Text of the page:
I know that everything God does will endure forever; nothing can be added to it and nothing taken from it. God does it so that men will revere him. Ecclesiastes 3, verse 14.
We’re pretty vain if we honestly think we’re all that and a bag of Fritos. Sure, I’m all for applauding human accomplishment. The tallest building in the world, Mount Rushmore (and the Crazy Horse mountain nearby), the Declaration of Independence, the battle of Bannockburn, everything said by Winston Churchill, and Asian airports built on land that used to be part of the ocean: they’re all significant achievements of humanity. They’re monuments to what we can do, in many cases what’s best in our nature. So are feeding the entire continent of Europe after World War II, putting men into outer space, every city in the ancient Mayan culture, and the US Interstate Highway system (which, by the way, is the single largest construction project in all of human history…you can look that up).
We the people can and should do some pretty amazing things. When I was a kid, a portable computer like my iPhone was science fiction, very Captain Kirk. Now they’re very affordable. Have you ever watched a 747 take off? It constantly amazes me that something so massive and heavy can actually take to the air by manipulating some very basic principles of wind, thrust and velocity. And have you ever heard of the Three Gorges Dam project on the Yellow River in China? MASSIVE construction effort to harness the power of the river and electrify much of rural eastern China which, even in this so-called modern century, still lives like it is 1012 instead of 2012. When we harness the human spirit to what is within our control, we can push the limits of our abilities and do extraordinary things.
Yet I’m reminded of the corny joke where scientists challenge God to a man-making contest. “We can make a man just like you can,” say the scientists. God accepts their challenge and, when the scientists begin by scooping up a handful of dirt, God says, “No, first you make your own dirt.”
All those wonderful projects and massive accomplishments are really little more than rearranging somebody else’s real estate. We do what we do because of what God did before us. Build a city, plant a thousand-acre farm, re-channel rivers and harness atomic power: human kind has been there, done that. They are significant accomplishments from human knowledge, human talent, and human drive. So, too, are forgiving your friends when they say terrible things about you, overlooking wrongs done to you, or saying “I’m sorry” when you’ve done something wrong. In the long run, history books will talk about the famous acts but I believe the daily “I’m sorry’s” will mean more.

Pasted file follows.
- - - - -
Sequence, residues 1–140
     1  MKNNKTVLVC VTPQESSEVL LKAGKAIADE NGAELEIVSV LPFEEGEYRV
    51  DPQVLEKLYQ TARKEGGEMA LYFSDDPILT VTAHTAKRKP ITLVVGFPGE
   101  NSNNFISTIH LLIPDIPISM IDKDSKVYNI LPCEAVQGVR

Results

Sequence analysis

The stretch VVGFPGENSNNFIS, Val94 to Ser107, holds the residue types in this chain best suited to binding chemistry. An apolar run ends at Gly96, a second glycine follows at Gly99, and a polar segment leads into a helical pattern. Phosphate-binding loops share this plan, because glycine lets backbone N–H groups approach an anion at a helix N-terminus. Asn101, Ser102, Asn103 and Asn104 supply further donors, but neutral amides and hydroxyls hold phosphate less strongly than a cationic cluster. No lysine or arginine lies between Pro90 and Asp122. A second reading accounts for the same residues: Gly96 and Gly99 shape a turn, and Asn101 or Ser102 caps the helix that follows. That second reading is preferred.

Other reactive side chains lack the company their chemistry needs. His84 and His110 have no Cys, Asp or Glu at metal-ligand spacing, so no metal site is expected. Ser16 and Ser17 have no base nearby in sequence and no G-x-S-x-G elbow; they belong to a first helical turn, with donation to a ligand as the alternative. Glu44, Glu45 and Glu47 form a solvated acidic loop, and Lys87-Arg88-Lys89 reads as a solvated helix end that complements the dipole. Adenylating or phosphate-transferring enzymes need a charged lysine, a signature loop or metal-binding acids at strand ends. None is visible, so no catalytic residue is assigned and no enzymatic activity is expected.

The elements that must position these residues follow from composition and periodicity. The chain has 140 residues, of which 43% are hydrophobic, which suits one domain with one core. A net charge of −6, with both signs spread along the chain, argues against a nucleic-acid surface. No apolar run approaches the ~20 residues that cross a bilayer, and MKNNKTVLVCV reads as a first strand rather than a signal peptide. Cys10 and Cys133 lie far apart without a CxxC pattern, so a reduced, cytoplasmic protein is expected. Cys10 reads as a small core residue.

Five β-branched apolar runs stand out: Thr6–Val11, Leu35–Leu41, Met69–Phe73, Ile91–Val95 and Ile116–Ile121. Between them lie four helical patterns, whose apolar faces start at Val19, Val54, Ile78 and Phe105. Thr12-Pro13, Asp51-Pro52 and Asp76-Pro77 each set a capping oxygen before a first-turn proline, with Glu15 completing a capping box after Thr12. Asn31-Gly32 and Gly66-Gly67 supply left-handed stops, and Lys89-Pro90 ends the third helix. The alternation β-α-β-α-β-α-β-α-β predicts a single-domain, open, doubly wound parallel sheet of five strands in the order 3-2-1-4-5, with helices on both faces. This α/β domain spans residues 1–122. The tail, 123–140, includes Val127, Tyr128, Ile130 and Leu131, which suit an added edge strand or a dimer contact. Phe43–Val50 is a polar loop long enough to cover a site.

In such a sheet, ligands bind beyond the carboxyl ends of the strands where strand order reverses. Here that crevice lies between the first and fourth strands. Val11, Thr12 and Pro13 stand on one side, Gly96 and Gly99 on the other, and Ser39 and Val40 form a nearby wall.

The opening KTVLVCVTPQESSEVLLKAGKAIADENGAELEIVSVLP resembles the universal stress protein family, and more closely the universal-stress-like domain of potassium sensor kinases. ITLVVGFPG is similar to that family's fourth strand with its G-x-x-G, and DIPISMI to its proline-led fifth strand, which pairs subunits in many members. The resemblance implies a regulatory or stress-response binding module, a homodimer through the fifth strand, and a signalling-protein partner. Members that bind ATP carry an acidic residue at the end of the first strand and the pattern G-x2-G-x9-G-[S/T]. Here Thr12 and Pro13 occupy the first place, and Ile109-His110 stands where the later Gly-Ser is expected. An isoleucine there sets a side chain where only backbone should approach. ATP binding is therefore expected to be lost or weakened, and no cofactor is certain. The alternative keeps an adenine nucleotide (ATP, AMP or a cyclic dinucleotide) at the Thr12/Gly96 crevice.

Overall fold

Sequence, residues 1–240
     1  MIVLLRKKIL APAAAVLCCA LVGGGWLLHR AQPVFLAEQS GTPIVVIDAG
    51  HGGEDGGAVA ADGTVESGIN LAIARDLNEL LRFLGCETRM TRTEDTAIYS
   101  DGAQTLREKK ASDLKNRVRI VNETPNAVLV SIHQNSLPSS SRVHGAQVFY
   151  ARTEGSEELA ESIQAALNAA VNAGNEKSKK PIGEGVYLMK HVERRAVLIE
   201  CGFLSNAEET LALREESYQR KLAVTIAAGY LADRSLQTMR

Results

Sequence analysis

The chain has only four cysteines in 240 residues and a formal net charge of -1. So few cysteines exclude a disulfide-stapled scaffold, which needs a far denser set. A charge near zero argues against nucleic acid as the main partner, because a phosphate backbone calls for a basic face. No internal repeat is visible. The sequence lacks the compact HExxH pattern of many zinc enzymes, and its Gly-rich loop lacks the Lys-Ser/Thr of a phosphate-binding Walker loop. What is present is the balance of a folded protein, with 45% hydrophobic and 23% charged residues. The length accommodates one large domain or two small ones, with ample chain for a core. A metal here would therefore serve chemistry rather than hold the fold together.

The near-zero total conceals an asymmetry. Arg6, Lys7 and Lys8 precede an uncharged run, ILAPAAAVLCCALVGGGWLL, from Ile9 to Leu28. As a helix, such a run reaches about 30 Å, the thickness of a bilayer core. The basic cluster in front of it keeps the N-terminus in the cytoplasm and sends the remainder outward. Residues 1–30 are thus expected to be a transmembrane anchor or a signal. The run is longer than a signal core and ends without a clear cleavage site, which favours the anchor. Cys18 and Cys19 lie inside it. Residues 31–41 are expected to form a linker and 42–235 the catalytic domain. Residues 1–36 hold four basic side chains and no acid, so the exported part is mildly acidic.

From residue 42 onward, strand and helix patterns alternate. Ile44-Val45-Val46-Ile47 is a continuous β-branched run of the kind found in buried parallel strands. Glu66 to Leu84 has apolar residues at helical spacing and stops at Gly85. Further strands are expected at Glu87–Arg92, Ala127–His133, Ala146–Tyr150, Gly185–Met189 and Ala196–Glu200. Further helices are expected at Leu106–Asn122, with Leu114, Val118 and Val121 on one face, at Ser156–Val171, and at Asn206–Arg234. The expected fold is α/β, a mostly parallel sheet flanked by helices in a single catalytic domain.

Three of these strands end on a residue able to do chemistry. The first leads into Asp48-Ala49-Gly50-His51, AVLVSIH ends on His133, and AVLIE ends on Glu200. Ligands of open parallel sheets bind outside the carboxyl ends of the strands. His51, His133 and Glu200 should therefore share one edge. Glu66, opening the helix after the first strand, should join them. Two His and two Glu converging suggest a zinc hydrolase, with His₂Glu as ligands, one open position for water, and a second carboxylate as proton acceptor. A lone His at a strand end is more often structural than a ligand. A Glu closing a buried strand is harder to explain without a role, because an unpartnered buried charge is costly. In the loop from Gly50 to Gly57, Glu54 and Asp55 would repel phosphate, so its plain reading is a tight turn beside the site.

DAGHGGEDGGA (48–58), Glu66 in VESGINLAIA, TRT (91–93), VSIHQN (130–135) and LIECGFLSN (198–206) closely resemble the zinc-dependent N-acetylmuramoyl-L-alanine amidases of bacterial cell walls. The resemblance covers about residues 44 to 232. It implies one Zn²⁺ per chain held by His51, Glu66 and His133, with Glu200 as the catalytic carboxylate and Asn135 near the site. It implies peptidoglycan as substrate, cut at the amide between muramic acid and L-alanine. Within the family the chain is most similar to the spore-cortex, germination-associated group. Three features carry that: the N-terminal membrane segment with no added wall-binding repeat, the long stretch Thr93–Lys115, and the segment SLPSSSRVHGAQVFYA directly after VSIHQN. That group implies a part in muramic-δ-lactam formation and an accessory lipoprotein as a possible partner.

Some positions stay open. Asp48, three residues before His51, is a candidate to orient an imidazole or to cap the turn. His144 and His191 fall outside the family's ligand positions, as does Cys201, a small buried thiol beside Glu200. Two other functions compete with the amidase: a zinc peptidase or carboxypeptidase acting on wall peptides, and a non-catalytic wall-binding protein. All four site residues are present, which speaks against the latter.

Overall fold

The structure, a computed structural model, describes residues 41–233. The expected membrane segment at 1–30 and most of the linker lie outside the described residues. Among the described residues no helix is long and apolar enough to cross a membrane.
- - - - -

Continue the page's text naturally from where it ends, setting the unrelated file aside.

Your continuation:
And all of those are still simply using the gifts God gives us. We are simply re-allocating the earth He created, the talents He bestowed, and the love that He first shared. That last part is the reason why, you know. It was out of love that He has done all He has done. It was in love that He continually makes things new. It is for His glory – that He may have it and we may share in it – that we are witnesses to these things.
No, you don’t have to wear robes, preach like Billy Graham, or even memorize much about Scripture to testify to how magnificent is the creation in which we live; I don’t. I’m as far from being ‘holy’ as a man can get. I don’t know how to be better on my own, but through God I can be. Sharing that love as He would ought to be the first, best method. Love, forgive, understand, improve and, most of all, give thankful worship are all it takes. What of those things costs very much? And what of them is bad or harmful to us? I think you know the answer.
Here in June of 2012 I live in Texas but semi-regularly commute to my birthplace in Minnesota where I work. I do my part working with people to make complex issues understandable, and to keep peoples’ healthcare claims moving forward. It can be mundane work, but so many extraordinary things have happened to make it possible. God worked many small miracles through thousands of people living their lives as they do, and those things laid the ground work for me to be where I am, do what I do. What I do where I am is part of that cycle, and it is all for the greater glory of Him who stands with me, so that others may benefit and He be raised up. Even when I don’t quite ‘get it,’ He’s still there guiding and helping.
Last month, I was enjoying a lunch at a park in downtown Minneapolis, beside the Mississippi River. There’s a nice park near the Hennepin Avenue bridge, in front of the old flour mill district. In the river, there are locks and different man-made waterfalls that have tamed the once raging rapids into a more gentle flow. It took massive construction and great endeavor to re-channel the river and harness its power, but that’s what happened (kind of like a small scale of what the Chinese have done). Today, you can sit there and enjoy a bag of White Castles and simply ponder just like I did. At the end of it, if you walk away feeling all puffed up at what a great and wonderful people we are, I’m thinking that you’ve missed the point. A better way might be to stop, think about this verse, and remember that before you or I saw the river, it was there. Before we moved the rocks to alter the flow, somebody made those rocks. And before any of that was there, there was God. Noodle that one and make it a great day by making it to a glory greater than our own.